[10-103] Acceptance Documentation
[10-114] Lighting Zones
[100] Applicability
[101] Definitions

Lighting Sections: The lighting sections in the 2005 Title 24 include:

All building types
[119] Mandatory Requirements for Lighting Control Devices

Non-residential, high-rise residential and hotel/motel occupancies
[130] Lighting Controls and Equipment  General
[131] Indoor Lighting Controls That Shall Be Installed
[132] Outdoor Lighting
[146] Prescriptive Requirements for Indoor Lighting
[147] Requirements for Outdoor Lighting

Low-rise residential buildings
[150] Mandatory Features and Devices


Lighting system designers can choose from one of two methods described in Section 140.

Performance approach.

Calculate the energy budget according to Section 141, then ensure that the building uses no more time-dependent valuation energy than the calculated budget. Time-dependent valuation of energy is a significant change for the Code, replacing the term source energy throughout this section.

Traditional valuation of energy as a basis for energy standards centers on a flat energy value. With a flat energy value, a kW saved is valued the same for every hour of the day. Time-dependent valuation of energy takes into account the life-cycle value of energy as it varies by time of day, day of week, time of year, climate zone and other factors. This results in an hour-by-hour factor that is applied to energy savings to account for a more realistic value. For example, this method values on-peak energy savings higher than off-peak energy savings. The use of time-dependent valuation as a basis of efficiency standards will encourage building design and equipment that use less on-peak energy.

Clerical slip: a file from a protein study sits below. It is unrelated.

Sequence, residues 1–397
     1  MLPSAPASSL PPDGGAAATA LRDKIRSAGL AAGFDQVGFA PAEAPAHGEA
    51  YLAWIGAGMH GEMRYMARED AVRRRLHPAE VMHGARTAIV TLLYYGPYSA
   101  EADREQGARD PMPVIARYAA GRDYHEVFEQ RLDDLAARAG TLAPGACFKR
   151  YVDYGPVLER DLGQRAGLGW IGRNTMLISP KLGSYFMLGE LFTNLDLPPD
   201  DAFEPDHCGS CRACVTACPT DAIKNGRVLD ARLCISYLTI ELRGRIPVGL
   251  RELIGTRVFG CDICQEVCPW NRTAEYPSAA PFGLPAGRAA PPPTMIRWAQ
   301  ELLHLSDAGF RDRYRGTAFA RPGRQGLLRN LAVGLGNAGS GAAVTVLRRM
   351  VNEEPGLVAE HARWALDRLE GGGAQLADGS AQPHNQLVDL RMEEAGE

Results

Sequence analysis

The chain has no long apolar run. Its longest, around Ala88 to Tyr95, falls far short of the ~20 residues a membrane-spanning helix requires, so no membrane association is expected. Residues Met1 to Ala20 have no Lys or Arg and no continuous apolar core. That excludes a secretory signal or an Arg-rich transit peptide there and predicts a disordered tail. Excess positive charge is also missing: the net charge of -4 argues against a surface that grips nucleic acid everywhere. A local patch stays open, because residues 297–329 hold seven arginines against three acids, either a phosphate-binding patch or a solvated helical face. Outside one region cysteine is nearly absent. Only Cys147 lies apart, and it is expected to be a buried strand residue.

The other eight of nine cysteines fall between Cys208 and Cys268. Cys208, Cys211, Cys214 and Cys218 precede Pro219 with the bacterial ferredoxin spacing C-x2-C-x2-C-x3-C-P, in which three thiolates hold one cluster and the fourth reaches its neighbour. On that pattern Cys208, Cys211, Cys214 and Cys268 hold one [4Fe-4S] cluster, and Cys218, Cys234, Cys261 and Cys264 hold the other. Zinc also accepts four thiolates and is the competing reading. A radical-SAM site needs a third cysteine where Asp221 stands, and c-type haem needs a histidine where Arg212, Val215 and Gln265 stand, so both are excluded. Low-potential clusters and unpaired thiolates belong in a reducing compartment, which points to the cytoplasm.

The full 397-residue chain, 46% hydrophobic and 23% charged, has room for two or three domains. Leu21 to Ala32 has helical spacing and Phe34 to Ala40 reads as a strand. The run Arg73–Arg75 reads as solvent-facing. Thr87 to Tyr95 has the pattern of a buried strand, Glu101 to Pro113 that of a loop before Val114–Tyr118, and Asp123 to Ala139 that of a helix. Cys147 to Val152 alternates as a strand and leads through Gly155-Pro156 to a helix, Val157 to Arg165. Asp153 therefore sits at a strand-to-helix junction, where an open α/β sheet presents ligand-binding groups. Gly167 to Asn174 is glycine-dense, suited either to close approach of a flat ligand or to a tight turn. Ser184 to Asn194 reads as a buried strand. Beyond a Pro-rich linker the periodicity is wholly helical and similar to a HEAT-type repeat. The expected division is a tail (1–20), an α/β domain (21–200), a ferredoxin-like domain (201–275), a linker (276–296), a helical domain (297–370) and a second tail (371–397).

Prescriptive approach.

The prescriptive approach is largely the same as a process. Follow all applicable requirements in Sections 142-146. Prescriptive requirements for indoor lighting are covered in Section 146. Additionally, outdoor lighting is covered in Section 147, and signage is covered in a new Section 148, which are entirely new Code sections. Lighting system designers can calculate allowed indoor lighting power density using one of three methods, listed below in order of flexibility, from least to most:

The Complete Building Method, which can only be used for projects/permits involving entire buildings with one type of use occupancy or mixed occupancy buildings where one type of occupancy makes up 90% of the entire building. A single lighting power value governs the entire building. Hotels/Motels cannot use this method. Retail buildings can under specified conditions.
The Area Category Method, in which the total allowed lighting power for the building is the sum of all allowed lighting powers for all areas in the building. Lighting power values are assigned to each of the buildings major function areas.
The Tailored Method, in which allowed lighting power is calculated according to primary function type. Lighting power values are determined room by room and task by task for areas. The Tailored Method part of the Code has been entirely rewritten. The Tailored Method generally can be applied to up to 30% of the building that is otherwise using the Area Category Method (with no trade-offs between them), and all of the building area of retail sales and museum buildings.